By Howard Abrams, PBS Tax & Bookkeeping
During income tax filing season many taxpayers throw their arms up and ask, “How can I owe income taxes when I don’t have any money? I didn’t make any money. How could I have made money when I don’t have any left?”
These questions can be answered by taking some time to ascertain what’s causing the problem. What most taxpayers fail to realize is how much they are spending on their personal living expenses or that perhaps deductions were left off their income tax return.
Q. How do I go about figuring how much I’m spending on my personal living expenses?
A. Since you just completed your 2010 income tax return, you should determine what your personal living expenses for 2010 were. Assuming you have a personal checking account, all the money you spent during 2010 should be in that checking account. For example, checks written for personal bills including your rent or mortgage, credit card payments, checks to yourself, to utilities, etc. will be listed on your check register.
You will need to include debit card expenses and all fees including from banks and ATMs. Allocate each item to categories such as mortgage payments, health insurance, telephone, insurance, heat, water, gardening, food and entertainment. Don’t forget to allocate your credit card charges and to account for ATM withdrawals.
Then add the totals of each category together to find all the money you spent personally for 2010. I bet you will be shocked. Then take the net profit from your business – which is found on form 1040 Schedule C, line 31 of your income tax return – and subtract your living expenses for the year.
If your personal expenses are higher than your net profit, perhaps you are spending too much. If your personal expenses are less than your net profit, you should have money on hand. If you don’t, you need to find out why. Maybe you are missing some deductions.
Q. How do I know if I am missing deductions?
A. First, you must satisfy yourself that the net profit you are paying taxes on was correct and, therefore, what you owed to the IRS was accurate. So, take the business net profit and compare it to your personal expenses. If what you spent personally is approximately what your net income was, then your net profit is probably accurate.
If your net profit is more than what you spent personally and you don’t have any money, you need to review how you arrived at your net profit. You are probably missing some deductions and therefore can lower your taxes.
The bottom line: You need to satisfy yourself that your income tax return properly shows what occurred during the year and that your net profit is correct.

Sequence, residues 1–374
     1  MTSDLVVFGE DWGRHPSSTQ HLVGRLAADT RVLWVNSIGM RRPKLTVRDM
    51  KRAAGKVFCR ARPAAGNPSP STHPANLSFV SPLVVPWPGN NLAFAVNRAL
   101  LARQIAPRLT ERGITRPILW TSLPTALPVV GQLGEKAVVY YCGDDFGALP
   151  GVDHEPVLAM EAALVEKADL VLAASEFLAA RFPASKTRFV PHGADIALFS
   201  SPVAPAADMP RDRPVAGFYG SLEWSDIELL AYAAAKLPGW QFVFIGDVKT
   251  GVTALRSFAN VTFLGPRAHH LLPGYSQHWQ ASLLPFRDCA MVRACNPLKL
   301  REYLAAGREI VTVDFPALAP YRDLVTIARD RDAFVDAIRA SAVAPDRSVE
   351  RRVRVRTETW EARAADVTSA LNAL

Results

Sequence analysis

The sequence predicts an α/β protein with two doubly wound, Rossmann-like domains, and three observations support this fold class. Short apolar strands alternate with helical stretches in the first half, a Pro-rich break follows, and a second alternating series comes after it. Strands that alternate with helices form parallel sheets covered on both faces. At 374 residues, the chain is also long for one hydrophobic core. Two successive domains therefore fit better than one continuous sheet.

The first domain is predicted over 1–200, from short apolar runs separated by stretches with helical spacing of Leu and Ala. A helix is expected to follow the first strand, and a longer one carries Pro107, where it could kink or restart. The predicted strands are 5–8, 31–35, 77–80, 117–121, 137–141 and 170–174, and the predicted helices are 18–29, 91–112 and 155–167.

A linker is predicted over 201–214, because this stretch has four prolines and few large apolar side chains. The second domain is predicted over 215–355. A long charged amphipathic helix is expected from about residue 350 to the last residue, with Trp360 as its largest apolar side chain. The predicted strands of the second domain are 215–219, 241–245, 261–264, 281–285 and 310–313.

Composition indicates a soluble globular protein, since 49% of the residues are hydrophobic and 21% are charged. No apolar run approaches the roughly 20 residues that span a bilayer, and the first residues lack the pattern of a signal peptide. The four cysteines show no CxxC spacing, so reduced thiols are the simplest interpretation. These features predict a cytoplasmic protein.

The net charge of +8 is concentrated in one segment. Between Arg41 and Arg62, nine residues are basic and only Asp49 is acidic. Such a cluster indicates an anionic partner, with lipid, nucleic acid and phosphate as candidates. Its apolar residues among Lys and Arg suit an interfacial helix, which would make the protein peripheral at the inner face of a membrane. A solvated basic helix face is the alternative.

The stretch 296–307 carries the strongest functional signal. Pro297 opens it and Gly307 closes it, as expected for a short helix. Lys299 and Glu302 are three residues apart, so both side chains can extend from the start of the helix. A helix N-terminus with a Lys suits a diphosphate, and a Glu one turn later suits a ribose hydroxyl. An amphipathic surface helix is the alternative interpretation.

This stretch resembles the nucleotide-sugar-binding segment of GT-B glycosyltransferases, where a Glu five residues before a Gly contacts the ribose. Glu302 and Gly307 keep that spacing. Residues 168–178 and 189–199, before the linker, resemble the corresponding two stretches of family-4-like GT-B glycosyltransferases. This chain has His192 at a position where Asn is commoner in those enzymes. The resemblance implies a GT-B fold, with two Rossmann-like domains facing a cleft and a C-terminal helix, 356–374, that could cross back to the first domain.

If it turns out mistakes were made, you can correct them by amending your taxes by filing Form 1040X.
Q. Once I’m satisfied that my net profit is correct, what should I do?
A. Most important, pay your estimated taxes and do tax projections and tax planning throughout the year. Adjust your estimated tax payments accordingly. This should prevent surprises at tax time.
You should then review your business operations. Are you spending too much money in certain areas? Is your equipment in good running condition? Look at fuel efficiency and your repairs and maintenance. Could your fuel mileage be better? Are your repairs costing you too much, causing too much downtime and consequently a loss of income? Would newer equipment help and possibly pay for itself with better fuel mileage, less downtime, less spent for repairs – and therefore more income?
Also look at what you are spending personally. Your housing and food costs are already established as well as health, transportation, utilities and certain other necessities. But are you spending too much money arbitrarily? See if you can cut down or eliminate certain non-essential expenses. Try to control impulse buying.
Business and financial planning can help make the future an easier road to travel. LL
This article is written by PBS Tax & Bookkeeping Service, a company that has been providing income tax and bookkeeping services to the trucking industry for more than a quarter-century. If you would like further information, please contact PBS at 800-697-5153 or visit their website at www.pbstax.com.
Please remember everyone’s financial situation is different. This article does not give and is not intended to give specific accounting and/or tax advice. Please consult with your own tax or accounting professional.